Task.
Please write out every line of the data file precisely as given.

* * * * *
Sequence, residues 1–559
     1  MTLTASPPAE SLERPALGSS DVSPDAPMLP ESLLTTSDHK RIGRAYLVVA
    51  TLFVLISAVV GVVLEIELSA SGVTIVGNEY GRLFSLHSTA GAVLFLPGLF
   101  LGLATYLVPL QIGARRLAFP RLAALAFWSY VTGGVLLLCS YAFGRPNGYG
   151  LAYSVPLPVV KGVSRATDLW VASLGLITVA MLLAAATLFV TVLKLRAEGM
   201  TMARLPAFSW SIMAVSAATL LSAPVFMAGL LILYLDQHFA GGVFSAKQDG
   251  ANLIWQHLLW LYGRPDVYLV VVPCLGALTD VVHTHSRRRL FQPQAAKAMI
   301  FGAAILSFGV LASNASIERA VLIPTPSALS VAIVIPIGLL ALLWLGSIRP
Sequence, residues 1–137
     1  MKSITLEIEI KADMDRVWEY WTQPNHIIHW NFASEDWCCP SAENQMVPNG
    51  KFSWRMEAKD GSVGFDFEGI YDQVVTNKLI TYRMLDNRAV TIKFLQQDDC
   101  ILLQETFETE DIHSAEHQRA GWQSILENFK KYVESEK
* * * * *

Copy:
Sequence, residues 1–559
     1  MTLTASPPAE SLERPALGSS DVSPDAPMLP ESLLTTSDHK RIGRAYLVVA
    51  TLFVLISAVV GVVLEIELSA SGVTIVGNEY GRLFSLHSTA GAVLFLPGLF
   101  LGLATYLVPL QIGARRLAFP RLAALAFWSY VTGGVLLLCS YAFGRPNGYG
   151  LAYSVPLPVV KGVSRATDLW VASLGLITVA MLLAAATLFV TVLKLRAEGM
   201  TMARLPAFSW SIMAVSAATL LSAPVFMAGL LILYLDQHFA GGVFSAKQDG
   251  ANLIWQHLLW LYGRPDVYLV VVPCLGALTD VVHTHSRRRL FQPQAAKAMI
   301  FGAAILSFGV LASNASIERA VLIPTPSALS VAIVIPIGLL ALLWLGSIRP
Sequence, residues 1–137
     1  MKSITLEIEI KADMDRVWEY WTQPNHIIHW NFASEDWCCP SAENQMVPNG
    51  KFSWRMEAKD GSVGFDFEGI YDQVVTNKLI TYRMLDNRAV TIKFLQQDDC
   101  ILLQETFETE DIHSAEHQRA GWQSILENFK KYVESEK